Product Management

Product Management

Product management, though a critical role in product development teams, has not been a formalized position in digital companies for long, and has adapted with the growth of agile product development methodologies over time. Today, product management is defined as a role within a product development team that focuses on successfully executing the product lifecycle.

Typically, product managers are responsible for putting product management principles into action. This includes:

  • Pitching and positioning new ideas for product and feature development

  • Working with engineering and design teams to bring the product to life

  • Ensuring that each product meets the needs of the target user or customer

This is a key differentiator between product management and project management, the latter of which is more focused on the actual organization and resourcing for each initiative rather than setting the entire product vision.

One great description of a product manager role is that the PM is like the executive chef of their product. They don’t own the restaurant, just like they are not the CEO of the company they work for (that’s more like a product owner).

They are however, responsible for the overall success of the business’s products and outputs and shaping the vision of each feature that helps the business meet their goals and please their customers.

Types Of Product Management Roles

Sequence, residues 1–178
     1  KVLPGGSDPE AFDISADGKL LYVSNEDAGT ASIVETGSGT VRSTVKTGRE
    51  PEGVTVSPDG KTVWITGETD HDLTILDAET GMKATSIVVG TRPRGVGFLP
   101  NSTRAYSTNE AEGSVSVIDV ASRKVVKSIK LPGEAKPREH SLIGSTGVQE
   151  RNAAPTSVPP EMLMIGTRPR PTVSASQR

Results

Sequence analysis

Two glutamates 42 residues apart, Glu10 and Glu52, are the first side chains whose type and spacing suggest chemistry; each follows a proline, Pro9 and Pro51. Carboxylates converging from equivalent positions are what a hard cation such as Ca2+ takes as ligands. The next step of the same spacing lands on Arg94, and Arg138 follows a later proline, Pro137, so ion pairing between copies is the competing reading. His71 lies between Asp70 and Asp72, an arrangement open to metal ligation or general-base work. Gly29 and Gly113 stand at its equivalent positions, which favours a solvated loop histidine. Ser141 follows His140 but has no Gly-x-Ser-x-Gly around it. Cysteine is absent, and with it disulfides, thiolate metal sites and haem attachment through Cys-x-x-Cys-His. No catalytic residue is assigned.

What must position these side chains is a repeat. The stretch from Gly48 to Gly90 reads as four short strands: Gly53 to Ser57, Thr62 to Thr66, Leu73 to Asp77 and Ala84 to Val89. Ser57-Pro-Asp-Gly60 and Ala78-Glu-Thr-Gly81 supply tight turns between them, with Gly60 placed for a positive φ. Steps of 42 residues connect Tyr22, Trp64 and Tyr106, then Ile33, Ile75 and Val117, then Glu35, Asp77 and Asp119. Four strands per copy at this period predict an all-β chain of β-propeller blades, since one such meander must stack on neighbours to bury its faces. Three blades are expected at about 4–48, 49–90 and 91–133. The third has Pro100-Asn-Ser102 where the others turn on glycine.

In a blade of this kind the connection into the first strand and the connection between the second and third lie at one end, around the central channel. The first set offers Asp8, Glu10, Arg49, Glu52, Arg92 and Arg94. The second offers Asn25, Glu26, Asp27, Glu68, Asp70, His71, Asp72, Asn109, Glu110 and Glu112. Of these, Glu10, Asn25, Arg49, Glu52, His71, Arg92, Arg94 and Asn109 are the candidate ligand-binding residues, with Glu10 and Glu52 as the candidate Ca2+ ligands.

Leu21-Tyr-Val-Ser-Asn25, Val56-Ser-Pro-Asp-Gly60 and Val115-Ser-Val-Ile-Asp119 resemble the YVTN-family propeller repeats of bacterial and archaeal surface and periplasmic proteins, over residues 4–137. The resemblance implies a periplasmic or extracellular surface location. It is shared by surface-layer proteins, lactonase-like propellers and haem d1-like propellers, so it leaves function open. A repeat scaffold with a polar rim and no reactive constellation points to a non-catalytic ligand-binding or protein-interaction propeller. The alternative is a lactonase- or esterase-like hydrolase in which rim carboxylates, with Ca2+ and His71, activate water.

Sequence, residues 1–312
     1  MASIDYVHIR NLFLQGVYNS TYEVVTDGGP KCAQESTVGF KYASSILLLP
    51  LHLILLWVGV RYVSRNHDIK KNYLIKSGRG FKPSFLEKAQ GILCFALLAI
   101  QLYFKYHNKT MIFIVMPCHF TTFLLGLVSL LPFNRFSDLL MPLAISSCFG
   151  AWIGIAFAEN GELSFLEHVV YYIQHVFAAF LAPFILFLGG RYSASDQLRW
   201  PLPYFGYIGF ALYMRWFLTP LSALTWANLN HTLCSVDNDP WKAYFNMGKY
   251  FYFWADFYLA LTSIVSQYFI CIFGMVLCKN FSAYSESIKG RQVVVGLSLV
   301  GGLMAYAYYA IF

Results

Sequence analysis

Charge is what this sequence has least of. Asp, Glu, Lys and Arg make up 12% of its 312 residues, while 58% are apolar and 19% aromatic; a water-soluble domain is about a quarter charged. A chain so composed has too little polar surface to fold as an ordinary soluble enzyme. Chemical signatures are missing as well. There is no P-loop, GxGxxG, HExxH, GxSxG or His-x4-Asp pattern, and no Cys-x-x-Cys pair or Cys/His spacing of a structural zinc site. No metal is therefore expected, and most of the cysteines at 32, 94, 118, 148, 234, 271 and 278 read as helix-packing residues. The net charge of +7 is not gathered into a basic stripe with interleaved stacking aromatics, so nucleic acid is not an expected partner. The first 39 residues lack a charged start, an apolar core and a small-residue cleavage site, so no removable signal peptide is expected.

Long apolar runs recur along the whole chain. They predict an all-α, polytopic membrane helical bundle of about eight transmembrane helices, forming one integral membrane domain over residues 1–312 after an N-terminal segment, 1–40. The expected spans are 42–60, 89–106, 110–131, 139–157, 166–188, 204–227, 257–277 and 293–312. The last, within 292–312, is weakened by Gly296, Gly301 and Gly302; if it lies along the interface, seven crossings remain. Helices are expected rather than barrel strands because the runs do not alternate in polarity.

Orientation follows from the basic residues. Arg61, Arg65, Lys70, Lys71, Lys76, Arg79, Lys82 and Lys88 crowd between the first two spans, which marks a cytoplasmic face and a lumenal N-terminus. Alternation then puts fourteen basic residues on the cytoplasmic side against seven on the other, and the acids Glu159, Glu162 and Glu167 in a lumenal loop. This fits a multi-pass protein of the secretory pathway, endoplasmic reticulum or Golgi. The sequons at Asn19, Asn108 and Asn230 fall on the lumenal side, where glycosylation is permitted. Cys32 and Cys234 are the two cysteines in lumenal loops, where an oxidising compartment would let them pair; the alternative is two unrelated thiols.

While the core functions of a PM are essentially the same across all types of product management roles and product teams, there are some nuances that align with different titles and role descriptions.

You will encounter titles that define different levels of experience in product management, such as chief product officer, product owner, and associate product manager.

Some common types of specialized product management roles you’ll see are:

Growth Product Manager

A growth product manager is primarily focused on furthering a specific metric their company has set to measure the growth of their business. Typically, growth PMs work closely with product marketing and traditional marketing teams in order to ensure their initiatives are expanding their product reach.

Most growth product managers run frequent short-term experiments to measure the success of their new feature or project, and pivot to new initiatives quickly in order to meet the demands of the business. Everything from copy to pricing is on the table for testing, and they may help in defining go-to-market strategies.

Growth product managers would benefit from experience or education in digital marketing, psychology, or advertising.

Technical Product Manager

A background in engineering or development is almost always required for technical product management roles, as this type of PM works hand in hand with engineering teams to improve things like a product’s core functionality or a company’s tech stack, security, or other parts of their digital infrastructure.

These PMs are less focused on the appearance of a product and instead are dedicated to ensuring that its inner workings are solid.

Often, technical product managers are career changers who started out as engineers.

Data Product Manager

If you love working with numbers or were a math wiz in school, then a data product management role could be a great fit. Working with business analytics teams and data scientists, data PMs create use cases that organizations use to measure success for their new product and feature releases.

Often they are responsible for ensuring that customer interactions are tracked properly across the product interface, so that other PMs or stakeholders can gain valuable insights into how users are navigating the product.

A degree in mathematics, finance, or data science would be a great help to any aspiring data PM.

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